Caught between a not-as-clever version of Pixar’s Inside Out and a way-more-original take on Warner Bros’ Storks, The Boss Baby might be the biggest surprise of the year. By using the imagination of seven-year-old Tim, the film reinvents that age-old question every child eventually asks: where do babies come from? Turns out, it’s a corporate decision that splits new-borns into ‘family’ and ‘management’. Yes, it’s bizarre, but to a kid, it’s no less bizarre than babies sprouting from cabbage patches or arriving via bird couriers (something the film happily points out).
The original picture book by Marla Frazee worked as a ‘what to expect’ for kids who never had a younger sibling before. DreamWorks goes one further by showing Tim’s side of the story. He’s confused, a bit selfish, but ultimately scared by the change. These are normal feelings for any child to have in this situation, and the animators deserve mountains of credit for making Tim emote this expressively in a way that should relate to young audiences.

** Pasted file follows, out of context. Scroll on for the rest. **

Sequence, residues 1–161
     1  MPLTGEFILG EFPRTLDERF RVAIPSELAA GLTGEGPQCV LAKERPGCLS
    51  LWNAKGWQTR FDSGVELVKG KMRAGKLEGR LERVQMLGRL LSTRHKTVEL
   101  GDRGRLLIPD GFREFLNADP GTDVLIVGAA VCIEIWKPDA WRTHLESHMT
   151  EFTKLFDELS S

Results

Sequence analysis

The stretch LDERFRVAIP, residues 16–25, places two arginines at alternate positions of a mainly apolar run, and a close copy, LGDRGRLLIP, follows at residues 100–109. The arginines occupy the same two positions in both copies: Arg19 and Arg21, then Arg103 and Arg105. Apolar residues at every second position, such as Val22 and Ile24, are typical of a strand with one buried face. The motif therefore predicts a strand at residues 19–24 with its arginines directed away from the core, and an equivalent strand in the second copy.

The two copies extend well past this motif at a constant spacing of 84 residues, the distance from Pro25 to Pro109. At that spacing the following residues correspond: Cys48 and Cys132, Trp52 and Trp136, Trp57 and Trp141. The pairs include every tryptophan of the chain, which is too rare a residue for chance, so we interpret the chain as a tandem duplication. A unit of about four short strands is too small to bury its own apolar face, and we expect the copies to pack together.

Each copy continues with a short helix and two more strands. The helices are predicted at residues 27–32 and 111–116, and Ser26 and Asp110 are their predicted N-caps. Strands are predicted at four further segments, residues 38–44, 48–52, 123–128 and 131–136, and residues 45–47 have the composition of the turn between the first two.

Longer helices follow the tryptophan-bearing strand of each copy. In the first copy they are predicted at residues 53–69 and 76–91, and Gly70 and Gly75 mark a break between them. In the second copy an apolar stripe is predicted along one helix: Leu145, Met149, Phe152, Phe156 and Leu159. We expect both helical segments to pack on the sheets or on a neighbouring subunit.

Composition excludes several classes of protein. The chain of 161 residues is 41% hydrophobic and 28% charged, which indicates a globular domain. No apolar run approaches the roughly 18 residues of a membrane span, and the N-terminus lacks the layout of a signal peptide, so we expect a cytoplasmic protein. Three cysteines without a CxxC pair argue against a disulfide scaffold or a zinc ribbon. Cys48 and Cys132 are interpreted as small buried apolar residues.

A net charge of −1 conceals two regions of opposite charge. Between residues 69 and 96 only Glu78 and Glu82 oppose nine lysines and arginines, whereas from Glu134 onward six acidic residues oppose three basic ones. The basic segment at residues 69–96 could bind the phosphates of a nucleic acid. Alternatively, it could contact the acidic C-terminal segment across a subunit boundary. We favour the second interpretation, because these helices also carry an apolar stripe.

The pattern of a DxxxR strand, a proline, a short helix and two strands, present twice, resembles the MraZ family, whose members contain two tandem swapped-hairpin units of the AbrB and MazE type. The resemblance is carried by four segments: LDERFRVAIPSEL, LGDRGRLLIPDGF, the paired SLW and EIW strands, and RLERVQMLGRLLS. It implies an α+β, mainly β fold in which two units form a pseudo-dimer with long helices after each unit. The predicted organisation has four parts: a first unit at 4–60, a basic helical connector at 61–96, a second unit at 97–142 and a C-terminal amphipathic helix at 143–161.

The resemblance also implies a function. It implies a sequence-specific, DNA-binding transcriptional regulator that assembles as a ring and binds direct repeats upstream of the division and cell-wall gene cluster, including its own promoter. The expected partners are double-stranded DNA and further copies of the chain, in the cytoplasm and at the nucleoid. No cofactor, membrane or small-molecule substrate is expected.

Another additive, a subplot about puppy manufacturing, is brushed aside so fast you’ll forget it was even a thing until the climax shoves it right in your face. It feels like a blurred-out storyline, but at least more focus is put on Tim and Boss Baby’s brotherly bonding. Ultimately, that’s what matters.
Well, comedy matters too, and that’s where The Boss Baby truly bursts out the gate. Not since the underrated Penguins of Madagascar movie has DreamWorks been so gleefully chaotic with its slapstick humour. Not only does Tim’s imagination give the studio’s fantastic 2D artists more to do, it gives all the animators an excuse to go nuts – and it pays off.